May 26, 2015
The U.S.S.A. has been dead as a meaningful corporate entity for years and is about to cease to exist even as a polite fiction. Even semi-mainstream “conservatives” are starting to notice the writing on the wall. Weighed in the balance and found wanting, afraid of being called a name made up by jew communists so we committed suicide by a thousand cuts to prove we weren’t “races.” Now the slide into full collapse is impossible to ignore. Demographic replacement has occurred, a tidal wave of brown dysfunction, the “reconquest” of their generous and feckless neighbor. Now it’s time to drink the sewage. A big brown cup of it and we’re all going to be forced to take a sip.
It’s a technology with the potential to ease California’s colossal thirst and insulate millions from the parched whims of Mother Nature, experts say.
Who’s ready to hear about exciting Heart of Darkness “technology?” Will we hack up albinos to make anti-drought amulets? Maybe enjoy a battery acid cocktail in a shebeen as an alternative to water? How about some jenkem? As it turns out, that last guess wasn’t too far off.
But there’s just one problem — the “yuck factor.”
The yuck factor of living in a dead nation and having a front row seat for the decomposition process.
As a fourth year of drought continues to drain aquifers and reservoirs, California water managers and environmentalists are urging adoption of a polarizing water recycling policy known as direct potable reuse.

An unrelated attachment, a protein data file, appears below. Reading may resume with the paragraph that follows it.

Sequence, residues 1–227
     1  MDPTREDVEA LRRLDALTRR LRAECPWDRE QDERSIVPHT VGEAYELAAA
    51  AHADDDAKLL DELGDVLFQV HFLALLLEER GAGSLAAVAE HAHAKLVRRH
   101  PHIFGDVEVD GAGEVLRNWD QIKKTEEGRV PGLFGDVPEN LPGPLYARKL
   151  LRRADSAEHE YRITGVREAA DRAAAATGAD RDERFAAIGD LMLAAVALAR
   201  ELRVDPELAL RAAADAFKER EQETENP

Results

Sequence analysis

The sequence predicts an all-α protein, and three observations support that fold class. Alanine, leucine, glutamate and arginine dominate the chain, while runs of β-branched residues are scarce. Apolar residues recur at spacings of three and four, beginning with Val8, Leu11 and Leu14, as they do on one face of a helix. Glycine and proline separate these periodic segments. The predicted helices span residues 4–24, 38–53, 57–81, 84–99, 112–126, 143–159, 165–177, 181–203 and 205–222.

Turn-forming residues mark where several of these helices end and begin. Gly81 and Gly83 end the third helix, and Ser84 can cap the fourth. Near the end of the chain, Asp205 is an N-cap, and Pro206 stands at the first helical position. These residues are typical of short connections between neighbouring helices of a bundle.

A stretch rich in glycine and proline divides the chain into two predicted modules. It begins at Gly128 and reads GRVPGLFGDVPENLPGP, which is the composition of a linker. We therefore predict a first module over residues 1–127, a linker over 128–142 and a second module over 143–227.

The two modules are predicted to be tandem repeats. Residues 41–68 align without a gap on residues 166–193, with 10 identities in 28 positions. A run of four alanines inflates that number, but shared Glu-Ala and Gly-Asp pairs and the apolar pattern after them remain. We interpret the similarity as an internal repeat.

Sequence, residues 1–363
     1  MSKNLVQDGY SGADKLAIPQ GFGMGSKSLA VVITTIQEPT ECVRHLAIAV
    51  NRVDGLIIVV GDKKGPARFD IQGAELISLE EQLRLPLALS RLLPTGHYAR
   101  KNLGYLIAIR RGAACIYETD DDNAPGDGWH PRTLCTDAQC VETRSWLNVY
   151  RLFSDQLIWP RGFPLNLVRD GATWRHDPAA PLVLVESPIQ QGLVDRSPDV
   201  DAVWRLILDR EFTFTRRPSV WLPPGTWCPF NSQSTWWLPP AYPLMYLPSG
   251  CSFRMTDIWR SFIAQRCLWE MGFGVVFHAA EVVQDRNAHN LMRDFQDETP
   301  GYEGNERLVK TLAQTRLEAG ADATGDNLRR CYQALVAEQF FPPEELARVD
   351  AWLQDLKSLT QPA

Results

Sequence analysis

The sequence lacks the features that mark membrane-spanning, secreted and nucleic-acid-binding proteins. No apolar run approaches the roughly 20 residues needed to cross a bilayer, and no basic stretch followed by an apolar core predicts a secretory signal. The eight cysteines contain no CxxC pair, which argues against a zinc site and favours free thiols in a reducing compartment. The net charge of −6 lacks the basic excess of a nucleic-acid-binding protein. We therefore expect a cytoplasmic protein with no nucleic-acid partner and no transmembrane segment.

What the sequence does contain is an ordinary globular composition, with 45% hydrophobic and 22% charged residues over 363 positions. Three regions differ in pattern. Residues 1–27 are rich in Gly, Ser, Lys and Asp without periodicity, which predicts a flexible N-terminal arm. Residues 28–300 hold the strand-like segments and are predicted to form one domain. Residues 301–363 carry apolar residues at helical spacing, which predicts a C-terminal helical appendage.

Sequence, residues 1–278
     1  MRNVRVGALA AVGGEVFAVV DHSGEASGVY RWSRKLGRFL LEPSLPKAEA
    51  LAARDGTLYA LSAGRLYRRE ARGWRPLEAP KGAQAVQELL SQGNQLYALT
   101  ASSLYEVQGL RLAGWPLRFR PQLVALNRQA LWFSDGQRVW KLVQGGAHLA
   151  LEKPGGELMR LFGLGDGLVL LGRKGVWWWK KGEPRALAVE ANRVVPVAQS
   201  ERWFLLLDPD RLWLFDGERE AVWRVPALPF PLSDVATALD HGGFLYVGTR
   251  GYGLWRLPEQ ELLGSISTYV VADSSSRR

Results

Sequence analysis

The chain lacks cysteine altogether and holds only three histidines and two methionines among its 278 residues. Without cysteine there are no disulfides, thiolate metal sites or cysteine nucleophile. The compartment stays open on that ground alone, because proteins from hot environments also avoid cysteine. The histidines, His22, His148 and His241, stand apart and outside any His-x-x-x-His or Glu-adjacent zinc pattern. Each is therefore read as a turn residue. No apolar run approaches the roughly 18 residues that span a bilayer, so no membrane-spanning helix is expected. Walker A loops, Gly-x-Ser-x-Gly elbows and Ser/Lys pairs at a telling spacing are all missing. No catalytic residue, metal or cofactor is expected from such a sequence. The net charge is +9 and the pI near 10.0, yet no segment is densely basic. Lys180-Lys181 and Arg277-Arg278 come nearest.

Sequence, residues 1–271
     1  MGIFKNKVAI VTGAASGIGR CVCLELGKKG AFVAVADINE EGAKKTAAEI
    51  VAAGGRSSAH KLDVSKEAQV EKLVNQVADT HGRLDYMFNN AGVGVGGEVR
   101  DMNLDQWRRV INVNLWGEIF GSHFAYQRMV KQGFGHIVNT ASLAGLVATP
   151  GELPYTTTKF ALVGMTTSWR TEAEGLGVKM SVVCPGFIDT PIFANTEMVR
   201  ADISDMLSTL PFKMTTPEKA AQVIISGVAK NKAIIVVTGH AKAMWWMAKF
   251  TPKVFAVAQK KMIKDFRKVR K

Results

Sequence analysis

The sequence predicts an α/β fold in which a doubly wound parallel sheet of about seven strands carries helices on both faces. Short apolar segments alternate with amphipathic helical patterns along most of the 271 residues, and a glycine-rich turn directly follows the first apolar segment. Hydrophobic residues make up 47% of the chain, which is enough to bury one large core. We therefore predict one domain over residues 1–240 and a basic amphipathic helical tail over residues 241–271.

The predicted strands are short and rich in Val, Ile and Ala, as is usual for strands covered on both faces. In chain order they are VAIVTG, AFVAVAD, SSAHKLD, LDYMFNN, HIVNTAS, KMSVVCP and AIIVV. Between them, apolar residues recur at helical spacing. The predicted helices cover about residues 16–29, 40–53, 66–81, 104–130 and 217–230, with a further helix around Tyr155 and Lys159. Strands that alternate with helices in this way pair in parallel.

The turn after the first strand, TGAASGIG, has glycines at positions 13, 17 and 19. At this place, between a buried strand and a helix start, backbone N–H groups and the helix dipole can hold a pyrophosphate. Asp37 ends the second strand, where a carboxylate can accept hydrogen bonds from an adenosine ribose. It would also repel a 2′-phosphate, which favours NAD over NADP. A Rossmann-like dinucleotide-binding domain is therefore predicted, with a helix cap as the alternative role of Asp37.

Get ready to chug down the brown, just like California’s White dispossession policies.
Unlike nonpotable reuse — in which treated sewage is used to irrigate crops, parks or golf courses — direct potable reuse takes treated sewage effluent and purifies it so it can be used as drinking water.
Just like how we successfully integrated the may-hee-can invaders and turned them into good little conservatives and taxpayers. We were so successful at converting the human sewage, this should be no problem.
It’s a concept that might cause some consumers to wince, but it has been used for decades in Windhoek, Namibia — where evaporation rates exceed annual rainfall.
Say no more. You had me convinced at “Namibia.”
Los Angeles opponents coined the derisive phrase “toilet to tap” in 2000 before torpedoing a plan to filter purified sewage water into an underground reservoir — a technique called indirect potable reuse.
It’s amazing what another fifteen years of steady invasion by two-legged turds can do for state policy, economic prosperity, societal trust and the sanity of your leadership. It’s almost as if opening our country to foreign invasion from backward savages has consequences.
In 1994, a San Diego editorial cartoonist framed debate over a similar proposal by drawing a dog drinking from a toilet bowl while a man ordered the canine to “Move over…”
The steadily eroding California of 1994 seems like an earthly paradise now.
Despite those defeats, proponents say the time has finally arrived for Californians to accept direct potable reuse as a partial solution to their growing water insecurity.
The time has come to drink human waste, Whitey.
“You know, toilet to tap might be the only answer at this point,” said Van Nuys activist Donald Schultz. “I don’t support it, but we’re running out of options. In fact, we may have already run out of options.”